Will NSCC suffer the same fate as D' Urban Park?
January 9, 2007
It used to be the best facility locally where the Brandon and Phillips Cups were competed for during the 1960's and 70's, but now it has been left in a deplorable state due to neglect.
We are talking about the National Sports Commission Centre (NSCC) formerly Non Pariel Tennis Courts, which was one of the premier tennis locations in the country.
It was where some of the best ever locally produced players honed their skills. To see its decline from being a facility that provided such an opportunity and atmosphere to the Phillips' clan (Ivan, Cecil, Debbie), Ian McDonald, Derek Phang, Khayum Naj, Edmond Plass, Kean Gibson, Debbie Bunbury, Leon December and a host of other good players to one where even the memories have vanished is beyond one's comprehension.
At a time when so many negative distractions has gripped the attention of our youths, it seems hard to believe that the relevant stakeholders have not seen it fit to restore this academy to the spectacle it was during the glory days of sports in this country.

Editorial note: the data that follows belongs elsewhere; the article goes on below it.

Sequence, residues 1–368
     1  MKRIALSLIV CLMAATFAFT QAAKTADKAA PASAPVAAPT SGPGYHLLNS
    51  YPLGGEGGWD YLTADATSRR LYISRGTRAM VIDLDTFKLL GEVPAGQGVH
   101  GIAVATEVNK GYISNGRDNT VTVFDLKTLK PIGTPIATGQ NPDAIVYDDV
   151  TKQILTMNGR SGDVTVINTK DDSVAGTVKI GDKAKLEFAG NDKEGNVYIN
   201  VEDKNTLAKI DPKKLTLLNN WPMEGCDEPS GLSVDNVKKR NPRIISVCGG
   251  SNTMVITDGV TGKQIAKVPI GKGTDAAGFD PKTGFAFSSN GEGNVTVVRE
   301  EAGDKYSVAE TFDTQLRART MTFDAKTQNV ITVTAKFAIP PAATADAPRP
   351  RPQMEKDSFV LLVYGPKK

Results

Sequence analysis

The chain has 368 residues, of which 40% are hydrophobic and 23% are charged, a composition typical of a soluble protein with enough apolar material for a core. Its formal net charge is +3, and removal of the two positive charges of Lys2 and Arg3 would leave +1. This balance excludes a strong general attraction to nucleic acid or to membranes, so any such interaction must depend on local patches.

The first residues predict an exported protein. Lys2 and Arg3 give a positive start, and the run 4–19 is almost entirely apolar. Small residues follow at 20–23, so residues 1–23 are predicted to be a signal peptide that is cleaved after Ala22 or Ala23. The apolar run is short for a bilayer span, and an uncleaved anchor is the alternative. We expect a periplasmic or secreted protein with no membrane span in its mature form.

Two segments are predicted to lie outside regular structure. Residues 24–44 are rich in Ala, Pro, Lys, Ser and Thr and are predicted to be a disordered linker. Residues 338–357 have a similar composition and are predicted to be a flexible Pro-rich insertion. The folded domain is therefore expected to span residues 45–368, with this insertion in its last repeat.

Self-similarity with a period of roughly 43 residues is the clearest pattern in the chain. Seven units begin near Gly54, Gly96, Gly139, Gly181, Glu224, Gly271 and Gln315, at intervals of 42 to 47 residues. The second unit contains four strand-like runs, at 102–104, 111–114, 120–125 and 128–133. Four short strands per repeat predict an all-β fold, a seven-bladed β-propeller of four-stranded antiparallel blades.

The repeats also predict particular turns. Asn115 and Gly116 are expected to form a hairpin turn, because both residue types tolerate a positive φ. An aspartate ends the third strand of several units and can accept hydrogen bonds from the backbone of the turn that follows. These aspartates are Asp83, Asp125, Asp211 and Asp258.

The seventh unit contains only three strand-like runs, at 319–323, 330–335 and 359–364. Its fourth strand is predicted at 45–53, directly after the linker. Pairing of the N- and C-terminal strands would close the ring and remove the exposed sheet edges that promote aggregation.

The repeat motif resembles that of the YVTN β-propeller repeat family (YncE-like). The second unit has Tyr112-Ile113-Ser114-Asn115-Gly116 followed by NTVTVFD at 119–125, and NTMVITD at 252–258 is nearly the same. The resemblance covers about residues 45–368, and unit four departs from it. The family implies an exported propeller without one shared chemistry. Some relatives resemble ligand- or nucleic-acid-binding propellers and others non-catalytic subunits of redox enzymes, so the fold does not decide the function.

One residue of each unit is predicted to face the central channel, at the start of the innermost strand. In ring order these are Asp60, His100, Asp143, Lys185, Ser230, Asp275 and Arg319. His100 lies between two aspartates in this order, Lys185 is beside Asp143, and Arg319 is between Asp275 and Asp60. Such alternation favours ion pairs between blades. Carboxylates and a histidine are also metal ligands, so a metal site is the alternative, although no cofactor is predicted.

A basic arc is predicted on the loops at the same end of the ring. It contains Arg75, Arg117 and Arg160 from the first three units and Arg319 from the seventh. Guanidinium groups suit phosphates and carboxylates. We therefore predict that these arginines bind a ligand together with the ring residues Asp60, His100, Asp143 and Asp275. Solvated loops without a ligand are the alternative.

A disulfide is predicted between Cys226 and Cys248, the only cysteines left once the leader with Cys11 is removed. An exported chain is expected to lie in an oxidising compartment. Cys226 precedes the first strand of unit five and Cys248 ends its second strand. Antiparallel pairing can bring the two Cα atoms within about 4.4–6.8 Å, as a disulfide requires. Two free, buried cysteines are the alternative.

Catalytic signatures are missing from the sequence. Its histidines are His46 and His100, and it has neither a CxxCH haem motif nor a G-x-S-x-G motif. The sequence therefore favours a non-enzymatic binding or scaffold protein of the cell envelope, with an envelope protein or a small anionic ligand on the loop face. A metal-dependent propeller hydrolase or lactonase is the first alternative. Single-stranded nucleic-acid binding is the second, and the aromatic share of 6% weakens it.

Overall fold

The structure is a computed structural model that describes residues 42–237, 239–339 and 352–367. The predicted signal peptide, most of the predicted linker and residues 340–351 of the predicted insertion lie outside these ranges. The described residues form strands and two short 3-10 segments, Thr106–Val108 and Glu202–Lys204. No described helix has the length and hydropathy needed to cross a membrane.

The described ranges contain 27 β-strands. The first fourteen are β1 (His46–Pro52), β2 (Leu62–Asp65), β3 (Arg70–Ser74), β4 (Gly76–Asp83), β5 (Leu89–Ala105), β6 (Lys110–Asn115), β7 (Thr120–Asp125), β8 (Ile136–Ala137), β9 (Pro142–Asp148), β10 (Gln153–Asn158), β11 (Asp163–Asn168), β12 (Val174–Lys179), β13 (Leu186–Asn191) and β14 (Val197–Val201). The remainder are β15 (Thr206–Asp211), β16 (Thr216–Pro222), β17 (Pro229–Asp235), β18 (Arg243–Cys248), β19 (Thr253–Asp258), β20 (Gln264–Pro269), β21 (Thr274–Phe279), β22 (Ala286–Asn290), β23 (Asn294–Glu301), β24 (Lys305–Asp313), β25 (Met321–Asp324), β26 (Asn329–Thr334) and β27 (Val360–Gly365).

This article like so many others before it, attempts to highlight one of the reasons why this country has not been producing the same caliber of athletes that dominated the Caribbean region during the 1970's and 80's. Despite not being in the best shape, aspiring players still persevere on the heavily grassed and mossy courts simply because it is the only one available to the public.
Currently under the supervision of the National Sports Commission (NSC), an auxiliary of the Ministry of Culture, Youth and Sport, which receives a substantial amount of money through the budgetary allocations process, it makes it even harder to understand why it has been left to reach that level of ignore.
Hope is, that at the end of Cricket World Cup 2007, the authorities will clearly understand that the development of sports and the maintenance of related facilities can do wonders for such an impoverish nation such as ours and where the spin-off can create better opportunities for the youths to improve their lives while giving positive advertisement to this country through their success.
We now wait to see if those that are charged with the responsibility of keeping sports alive will act swiftly to restore this important facility or allow it to suffer the same fate as D' Urban Park did, just be consumed by grass and trees.